As 2019 gave way to 2020, a squeeze on trucks appeared to be easing, but plenty of questions still hovered over the transportation sector as the new year progressed, suppliers said.

“Capacity became tight in December and carried over through the first two weeks of January, but now has loosened up considerably the past several days,” Rob Likens, CEO of Indianapolis-based Hoosier Logistics, said Jan. 21.

Industry colleagues in the same area have voiced similar appraisals, Likens said.

Truck capacity could shrink as 2020 unfolds, however, Likens said.

“With operational costs for carriers increasing — labor, insurance, equipment, technology — and customers being very price-conscious, this may cause a significant downturn in available capacity,” he said. 

Those costs are putting a squeeze on trucking firms, Likens said.

“As we have seen over the past few months and preliminary fourth-quarter results, many trucking companies are finding it difficult to turn a profit,” he said.

For produce grower-shippers, communication with logistics providers is becoming more crucial, said Mark Petersen, vice president of temperature-controlled transportation with Eden Prairie, Minn.-based C.H. Robinson Inc.

“In the current market, it’s more important than ever to over-communicate roles, timelines and expectations with carriers,” Petersen said.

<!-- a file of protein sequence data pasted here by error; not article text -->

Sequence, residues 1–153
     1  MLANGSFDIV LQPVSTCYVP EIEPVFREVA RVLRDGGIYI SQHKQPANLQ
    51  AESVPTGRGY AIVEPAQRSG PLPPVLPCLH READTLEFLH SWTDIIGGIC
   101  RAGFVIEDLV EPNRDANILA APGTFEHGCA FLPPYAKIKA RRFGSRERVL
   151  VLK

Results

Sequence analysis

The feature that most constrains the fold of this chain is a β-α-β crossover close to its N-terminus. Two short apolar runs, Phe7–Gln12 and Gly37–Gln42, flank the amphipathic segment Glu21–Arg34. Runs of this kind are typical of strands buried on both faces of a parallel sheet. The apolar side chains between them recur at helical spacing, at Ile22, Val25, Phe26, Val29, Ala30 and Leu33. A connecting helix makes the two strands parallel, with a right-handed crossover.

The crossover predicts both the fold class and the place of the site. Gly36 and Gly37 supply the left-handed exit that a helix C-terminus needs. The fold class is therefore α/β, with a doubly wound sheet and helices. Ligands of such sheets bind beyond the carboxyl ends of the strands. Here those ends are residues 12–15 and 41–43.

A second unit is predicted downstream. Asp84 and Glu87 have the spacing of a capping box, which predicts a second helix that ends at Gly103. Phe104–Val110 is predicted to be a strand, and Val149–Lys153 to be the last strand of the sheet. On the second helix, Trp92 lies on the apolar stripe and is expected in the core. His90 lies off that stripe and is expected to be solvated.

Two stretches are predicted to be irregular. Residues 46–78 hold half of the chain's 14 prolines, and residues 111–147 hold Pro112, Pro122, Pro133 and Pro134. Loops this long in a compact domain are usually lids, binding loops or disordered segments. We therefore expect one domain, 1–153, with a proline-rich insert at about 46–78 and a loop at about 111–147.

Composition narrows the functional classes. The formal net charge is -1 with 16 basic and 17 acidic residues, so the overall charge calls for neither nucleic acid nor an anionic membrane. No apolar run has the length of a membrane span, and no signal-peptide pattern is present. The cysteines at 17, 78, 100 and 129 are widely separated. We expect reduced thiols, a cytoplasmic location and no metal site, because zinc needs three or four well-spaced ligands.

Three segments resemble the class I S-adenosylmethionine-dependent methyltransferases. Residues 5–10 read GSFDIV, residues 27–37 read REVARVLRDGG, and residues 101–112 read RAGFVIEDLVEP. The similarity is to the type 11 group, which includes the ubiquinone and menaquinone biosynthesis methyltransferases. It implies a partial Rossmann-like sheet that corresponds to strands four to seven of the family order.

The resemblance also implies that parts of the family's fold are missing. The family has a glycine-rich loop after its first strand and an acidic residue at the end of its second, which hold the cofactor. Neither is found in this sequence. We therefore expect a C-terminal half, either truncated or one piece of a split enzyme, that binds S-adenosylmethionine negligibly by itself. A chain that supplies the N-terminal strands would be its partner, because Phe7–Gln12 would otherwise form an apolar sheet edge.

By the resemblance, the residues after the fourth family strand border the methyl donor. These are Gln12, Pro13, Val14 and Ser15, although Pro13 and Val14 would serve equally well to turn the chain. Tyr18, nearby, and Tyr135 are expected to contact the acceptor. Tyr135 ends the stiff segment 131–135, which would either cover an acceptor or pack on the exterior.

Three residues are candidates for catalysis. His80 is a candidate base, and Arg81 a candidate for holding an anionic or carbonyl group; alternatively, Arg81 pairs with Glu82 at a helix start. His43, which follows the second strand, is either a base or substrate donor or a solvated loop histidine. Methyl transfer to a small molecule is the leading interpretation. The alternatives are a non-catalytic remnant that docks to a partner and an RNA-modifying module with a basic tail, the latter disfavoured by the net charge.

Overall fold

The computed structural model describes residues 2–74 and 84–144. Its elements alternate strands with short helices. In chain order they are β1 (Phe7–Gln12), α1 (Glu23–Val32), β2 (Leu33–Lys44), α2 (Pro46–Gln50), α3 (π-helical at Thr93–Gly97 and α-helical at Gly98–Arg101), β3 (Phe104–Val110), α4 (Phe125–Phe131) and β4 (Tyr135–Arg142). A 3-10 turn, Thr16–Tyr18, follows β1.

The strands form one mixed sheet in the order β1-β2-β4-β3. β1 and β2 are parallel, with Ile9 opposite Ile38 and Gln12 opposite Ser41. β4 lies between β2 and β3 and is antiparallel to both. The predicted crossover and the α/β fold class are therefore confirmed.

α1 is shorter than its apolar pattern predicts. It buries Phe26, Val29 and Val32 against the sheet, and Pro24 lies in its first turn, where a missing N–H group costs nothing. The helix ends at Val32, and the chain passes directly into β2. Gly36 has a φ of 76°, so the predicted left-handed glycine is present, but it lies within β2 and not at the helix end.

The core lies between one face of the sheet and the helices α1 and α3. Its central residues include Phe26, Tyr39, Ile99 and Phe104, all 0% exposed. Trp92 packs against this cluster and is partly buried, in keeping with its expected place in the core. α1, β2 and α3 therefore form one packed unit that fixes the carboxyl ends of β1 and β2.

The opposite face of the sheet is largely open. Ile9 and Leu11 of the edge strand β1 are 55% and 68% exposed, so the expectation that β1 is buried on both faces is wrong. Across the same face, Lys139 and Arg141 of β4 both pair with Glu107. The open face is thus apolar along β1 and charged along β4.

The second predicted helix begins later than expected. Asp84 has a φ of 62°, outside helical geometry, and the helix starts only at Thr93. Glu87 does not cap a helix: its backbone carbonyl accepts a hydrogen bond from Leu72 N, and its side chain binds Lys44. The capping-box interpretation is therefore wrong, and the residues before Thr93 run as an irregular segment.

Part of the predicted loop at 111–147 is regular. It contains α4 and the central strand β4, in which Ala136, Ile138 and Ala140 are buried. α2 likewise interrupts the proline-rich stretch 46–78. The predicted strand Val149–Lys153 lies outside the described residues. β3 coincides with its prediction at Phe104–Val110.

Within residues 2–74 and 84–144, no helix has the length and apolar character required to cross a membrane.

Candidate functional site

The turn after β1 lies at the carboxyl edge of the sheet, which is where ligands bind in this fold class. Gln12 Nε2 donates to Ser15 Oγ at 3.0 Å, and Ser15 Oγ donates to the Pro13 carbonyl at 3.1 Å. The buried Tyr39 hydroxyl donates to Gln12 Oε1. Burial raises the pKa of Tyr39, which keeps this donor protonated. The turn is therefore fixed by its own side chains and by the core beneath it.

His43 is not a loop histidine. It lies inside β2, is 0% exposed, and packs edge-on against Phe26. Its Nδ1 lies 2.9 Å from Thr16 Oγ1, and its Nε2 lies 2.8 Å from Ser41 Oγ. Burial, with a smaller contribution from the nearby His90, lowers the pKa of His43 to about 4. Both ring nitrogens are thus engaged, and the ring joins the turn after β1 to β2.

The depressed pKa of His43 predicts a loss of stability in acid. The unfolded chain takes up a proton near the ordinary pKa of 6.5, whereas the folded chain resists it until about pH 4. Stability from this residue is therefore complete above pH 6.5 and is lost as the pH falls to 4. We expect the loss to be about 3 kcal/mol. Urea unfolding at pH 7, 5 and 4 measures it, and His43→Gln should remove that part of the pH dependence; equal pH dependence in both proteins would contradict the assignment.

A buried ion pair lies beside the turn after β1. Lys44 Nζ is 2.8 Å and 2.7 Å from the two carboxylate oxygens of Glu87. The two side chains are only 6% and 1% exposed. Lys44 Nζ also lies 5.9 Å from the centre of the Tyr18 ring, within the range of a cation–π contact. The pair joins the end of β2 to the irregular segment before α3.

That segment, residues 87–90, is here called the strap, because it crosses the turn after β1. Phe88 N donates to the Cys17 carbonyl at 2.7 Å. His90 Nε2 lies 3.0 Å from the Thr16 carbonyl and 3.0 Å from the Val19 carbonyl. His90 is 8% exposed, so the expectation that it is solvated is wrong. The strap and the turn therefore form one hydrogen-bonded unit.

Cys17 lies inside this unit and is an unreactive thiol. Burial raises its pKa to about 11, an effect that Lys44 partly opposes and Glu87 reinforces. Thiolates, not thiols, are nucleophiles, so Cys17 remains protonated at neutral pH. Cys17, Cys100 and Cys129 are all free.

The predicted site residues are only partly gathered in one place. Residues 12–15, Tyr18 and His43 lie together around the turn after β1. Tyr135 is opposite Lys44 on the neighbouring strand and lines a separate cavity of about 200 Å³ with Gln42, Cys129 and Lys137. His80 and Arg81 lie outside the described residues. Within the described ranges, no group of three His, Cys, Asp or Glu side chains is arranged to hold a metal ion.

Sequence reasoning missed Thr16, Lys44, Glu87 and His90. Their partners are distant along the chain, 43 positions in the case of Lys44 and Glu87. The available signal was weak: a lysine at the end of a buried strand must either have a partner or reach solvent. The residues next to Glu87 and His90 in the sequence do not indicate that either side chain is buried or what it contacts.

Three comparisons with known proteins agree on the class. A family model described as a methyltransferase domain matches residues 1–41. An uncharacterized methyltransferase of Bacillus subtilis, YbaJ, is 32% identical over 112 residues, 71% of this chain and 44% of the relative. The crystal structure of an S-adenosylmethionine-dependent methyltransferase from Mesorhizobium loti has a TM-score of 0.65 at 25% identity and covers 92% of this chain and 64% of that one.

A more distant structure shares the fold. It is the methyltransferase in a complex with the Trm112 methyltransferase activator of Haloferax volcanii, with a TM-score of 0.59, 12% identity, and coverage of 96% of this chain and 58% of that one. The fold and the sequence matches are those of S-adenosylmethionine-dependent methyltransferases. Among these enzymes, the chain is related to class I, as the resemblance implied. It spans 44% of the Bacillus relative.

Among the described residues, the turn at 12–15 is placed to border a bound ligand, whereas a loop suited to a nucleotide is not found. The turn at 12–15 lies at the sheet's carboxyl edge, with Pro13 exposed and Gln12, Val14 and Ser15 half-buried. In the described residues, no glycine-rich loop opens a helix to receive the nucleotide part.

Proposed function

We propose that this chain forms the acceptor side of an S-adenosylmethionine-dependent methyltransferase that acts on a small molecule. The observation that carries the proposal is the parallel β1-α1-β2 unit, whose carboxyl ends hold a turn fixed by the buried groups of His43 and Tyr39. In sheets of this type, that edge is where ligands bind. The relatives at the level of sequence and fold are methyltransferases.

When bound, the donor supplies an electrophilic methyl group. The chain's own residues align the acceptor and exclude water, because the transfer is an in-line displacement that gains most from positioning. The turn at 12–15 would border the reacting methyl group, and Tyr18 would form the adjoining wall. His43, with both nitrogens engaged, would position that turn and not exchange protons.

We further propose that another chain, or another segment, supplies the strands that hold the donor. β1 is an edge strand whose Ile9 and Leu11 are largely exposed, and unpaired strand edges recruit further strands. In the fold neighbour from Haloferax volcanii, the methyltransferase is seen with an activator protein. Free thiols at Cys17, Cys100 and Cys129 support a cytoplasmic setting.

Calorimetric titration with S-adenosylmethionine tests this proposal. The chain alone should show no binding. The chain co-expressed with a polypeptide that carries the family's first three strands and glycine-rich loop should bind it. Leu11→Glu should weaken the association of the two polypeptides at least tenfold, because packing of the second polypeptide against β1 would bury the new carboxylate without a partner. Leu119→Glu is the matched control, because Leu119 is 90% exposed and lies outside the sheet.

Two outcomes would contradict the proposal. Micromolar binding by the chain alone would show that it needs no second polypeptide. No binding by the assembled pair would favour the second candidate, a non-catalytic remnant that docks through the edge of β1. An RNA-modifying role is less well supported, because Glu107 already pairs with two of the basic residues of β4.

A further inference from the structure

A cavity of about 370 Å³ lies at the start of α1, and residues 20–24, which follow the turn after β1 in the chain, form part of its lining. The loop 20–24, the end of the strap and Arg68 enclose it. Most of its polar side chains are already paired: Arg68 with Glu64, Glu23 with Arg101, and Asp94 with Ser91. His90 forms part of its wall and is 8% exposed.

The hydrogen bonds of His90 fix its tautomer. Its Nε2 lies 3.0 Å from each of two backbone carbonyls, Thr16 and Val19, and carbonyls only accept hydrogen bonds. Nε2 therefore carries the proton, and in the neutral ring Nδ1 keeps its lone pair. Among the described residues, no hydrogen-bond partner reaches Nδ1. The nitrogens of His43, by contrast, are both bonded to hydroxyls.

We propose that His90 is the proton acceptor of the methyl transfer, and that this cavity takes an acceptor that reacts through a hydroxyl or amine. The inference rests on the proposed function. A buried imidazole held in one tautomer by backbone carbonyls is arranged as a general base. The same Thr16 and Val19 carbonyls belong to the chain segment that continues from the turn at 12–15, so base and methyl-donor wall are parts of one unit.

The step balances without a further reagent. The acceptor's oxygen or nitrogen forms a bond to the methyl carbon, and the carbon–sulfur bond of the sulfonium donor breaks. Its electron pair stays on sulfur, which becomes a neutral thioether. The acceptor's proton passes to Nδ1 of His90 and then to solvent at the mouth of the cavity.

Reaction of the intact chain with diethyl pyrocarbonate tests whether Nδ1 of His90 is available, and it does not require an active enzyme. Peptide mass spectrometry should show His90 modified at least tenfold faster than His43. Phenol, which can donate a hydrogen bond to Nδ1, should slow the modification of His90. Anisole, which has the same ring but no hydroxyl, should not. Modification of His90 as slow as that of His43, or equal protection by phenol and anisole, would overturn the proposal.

It also is a critical time for produce shippers to review logistics and transportation to reduce waste and “dwell time” in advance “to help the perception of produce” to the carrier community, Petersen said.

As production heats up with the spring weather across the U.S., truck supplies likely will tighten, said Kerry Byrne, president of Cincinnati-based Total Quality Logistics.

“While the market right now is loose, as the year progresses capacity could tighten, presenting produce shippers with some challenges, especially in the Midwest and Northeast,” Byrne said.

For the short term, however, there were ample supplies of vehicles to handle needs, Byrne said.

“We’re anticipating a loose market for the first half of the year, which would allow produce shippers to focus more on carrier expertise and performance and less on capacity concerns,” he said.

Other logistics issues remain unresolved, said John Hollay, senior director of government relations with the Washington, D.C.-based United Fresh Produce Association. Among the priorities are infrastructure and hours of service, he said.

“United Fresh is continuing to work with industry allies to advance a legislative package that will make significant investments in critical areas like port infrastructure and the funding of upgrades to our bridge and highway system to ensure the safety of and timeliness of delivery of perishable produce,” Hollay said. “This will be a challenge, given that it is a presidential election year, but both Democrats and Republicans — particularly those who have what are perceived to be in tough races — continue to point to transportation and infrastructure as one of the areas where they feel they can work in bipartisan, bicameral fashion to advance legislation.”

The industry also has been waiting for final hours of service regulations that better reflect the challenges produce shippers  face, Hollay said.

“Regardless of whether Congress can pass legislation, the release of these updated regulations is imperative to the success of our members,” he said.

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